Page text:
Assignment Reading: Maya-The Yaxchilan Lintels
The lintels above the doorways of Yaxchilan in Mexico reveal a great deal about life in the region during the Classical Period within the Mayan civilization. Many of the carved lintels date from about the mid-eighth century CE and were commissioned by the city’s leaders. Carved from limestone, each lintel varies in size and the abstracted figures are rendered in low- or mid-relief sculptures. The images in the reading depict rituals including royal blood-letting or blood sacrifice and interactions with captives. On lintel 16, for example, Bird Jaguar IV stands over a captive. Lintel 24, meanwhile, depicts a blood sacrifice which scholars have connected to the Mayan account of creation. The lintels also include glyphic text which reveal imperial records.

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5a: Pyramid and Chacmool at Chichen Itza, Yucatan, Mexico
The stepped pyramid and Chacmool sculpture at Chichen Itza are Mayan works that date from the Postclassical period, in the ninth century CE. The 98-foot-tall pyramid is composed of rubble and stone. It is a stacked, tapered structure which features 9 platforms and 365 steps which lead to a pyramid dedicated to Quetzalcoatl, the god of life, wind, and rain cloud. The precise geometry and symmetry of the structure are features of Classical Mayan architectural style. The number of platforms and stairs symbolize the levels of the underworld and the importance of the calendar, respectively, in Mayan culture. The pyramid at Chichen Itza is part of a greater temple complex and served as the setting of ritual sacrifice. The stone sculpture of the Chacmool, or fallen warrior, serves as a vessel the remains of those sacrificed.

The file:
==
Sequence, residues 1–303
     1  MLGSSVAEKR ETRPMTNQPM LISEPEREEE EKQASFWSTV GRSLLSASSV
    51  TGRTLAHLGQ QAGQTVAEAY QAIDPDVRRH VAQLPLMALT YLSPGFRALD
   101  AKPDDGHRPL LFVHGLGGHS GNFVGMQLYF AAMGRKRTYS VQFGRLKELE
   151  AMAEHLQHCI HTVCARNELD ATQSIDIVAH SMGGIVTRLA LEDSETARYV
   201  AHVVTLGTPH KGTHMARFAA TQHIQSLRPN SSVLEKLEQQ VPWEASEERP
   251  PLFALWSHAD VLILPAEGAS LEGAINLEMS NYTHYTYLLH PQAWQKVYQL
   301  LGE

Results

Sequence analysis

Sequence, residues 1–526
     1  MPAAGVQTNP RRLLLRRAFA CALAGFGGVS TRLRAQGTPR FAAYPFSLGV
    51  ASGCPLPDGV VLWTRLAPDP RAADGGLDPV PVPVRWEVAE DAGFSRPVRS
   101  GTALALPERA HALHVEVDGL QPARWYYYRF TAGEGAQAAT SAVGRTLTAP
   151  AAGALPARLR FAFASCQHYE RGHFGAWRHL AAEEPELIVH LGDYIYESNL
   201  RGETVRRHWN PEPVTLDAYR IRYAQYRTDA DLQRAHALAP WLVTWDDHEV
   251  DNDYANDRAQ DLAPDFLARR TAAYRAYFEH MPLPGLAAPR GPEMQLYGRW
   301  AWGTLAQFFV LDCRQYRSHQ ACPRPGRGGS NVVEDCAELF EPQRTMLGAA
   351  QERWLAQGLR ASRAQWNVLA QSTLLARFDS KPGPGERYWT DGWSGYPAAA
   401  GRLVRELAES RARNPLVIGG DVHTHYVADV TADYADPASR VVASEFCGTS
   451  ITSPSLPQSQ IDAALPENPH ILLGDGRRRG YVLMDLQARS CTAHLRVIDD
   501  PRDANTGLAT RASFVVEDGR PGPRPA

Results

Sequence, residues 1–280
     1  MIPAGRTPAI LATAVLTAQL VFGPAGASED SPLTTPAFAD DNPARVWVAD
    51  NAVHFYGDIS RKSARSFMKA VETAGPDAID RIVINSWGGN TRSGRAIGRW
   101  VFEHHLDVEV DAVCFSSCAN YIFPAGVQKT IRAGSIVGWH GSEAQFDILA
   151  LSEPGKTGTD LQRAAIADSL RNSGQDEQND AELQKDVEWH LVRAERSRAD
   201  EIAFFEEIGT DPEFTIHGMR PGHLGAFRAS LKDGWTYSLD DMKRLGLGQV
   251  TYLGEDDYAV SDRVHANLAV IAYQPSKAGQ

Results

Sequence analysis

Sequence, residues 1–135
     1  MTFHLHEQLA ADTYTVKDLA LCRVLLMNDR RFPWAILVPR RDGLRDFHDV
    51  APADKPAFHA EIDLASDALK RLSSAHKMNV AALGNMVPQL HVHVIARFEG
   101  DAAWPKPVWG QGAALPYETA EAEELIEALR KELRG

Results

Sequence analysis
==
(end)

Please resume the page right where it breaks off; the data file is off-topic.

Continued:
5b: Shield Jaguar and Lady Xoc at Yaxchilan, Mexico
This piece formed one of the lintels at the Yaxchilan complex. It dates from the eighth century CE and is an example of Classical Mayan sculpture. The particularly deep relief depicts the king, Shield Jaguar, and queen, Lady Xoc, in the process of a bloodletting ritual following the birth of their sun. The figures are abstracted, not anatomically correct, and communicate ethnic identity through their narrow heads (a result of natal head binding). The purpose of the ritual was to induce visions through blood loss. The glyphic text on the top and left side of the carving specifies the names and actions of the figures as well as the date of the occasion. In addition to providing information about ritual bloodletting, the elaborate garments depicted reveal imperial style conventions.

5c: Tunic
This tunic is alpaca and vicuna wool garment that dates from the 700s CE and is attributed to the indigenous Wari people in Peru. The tunic was likely woven by women using looms in a state-run artisanal workshop. The garment features complex geometric patterns on four panels that are divided by strips of red and yellow fabric. The patterns are nonrepresentational, repetitive, but often irregular. The irregularity and variation among the shapes suggests a sort of transformation that is also communicated in the garment’s use. Many other such tunics were utilized in burial rituals and the transformation of shapes might be symbolic of the transformation between life and death.

5d: Machu Picchu and the Temple of the Sun
Machu Picchu and the Temple of the Sun are both nestled high in the Andes Mountains in present-day Peru. Dating to the fifteenth century CE, they are examples of Incan architecture. Machu Picchu was the home of an Incan rule and likely housed a population of around 1200. Instead of leveling the ground, the architects terraced the structures to fit within the topography of the site. This speaks to both their engineering skills and desire to incorporate nature within their designs. The buildings utilized adobe, mortar, and stones (all locally found material) while the temple would have featured interior decorations composed of gold, silver, and precious minerals. The parallel windows and largely-asymmetrical stonework that survives is testament to both durability and preferred Incan decorative detail.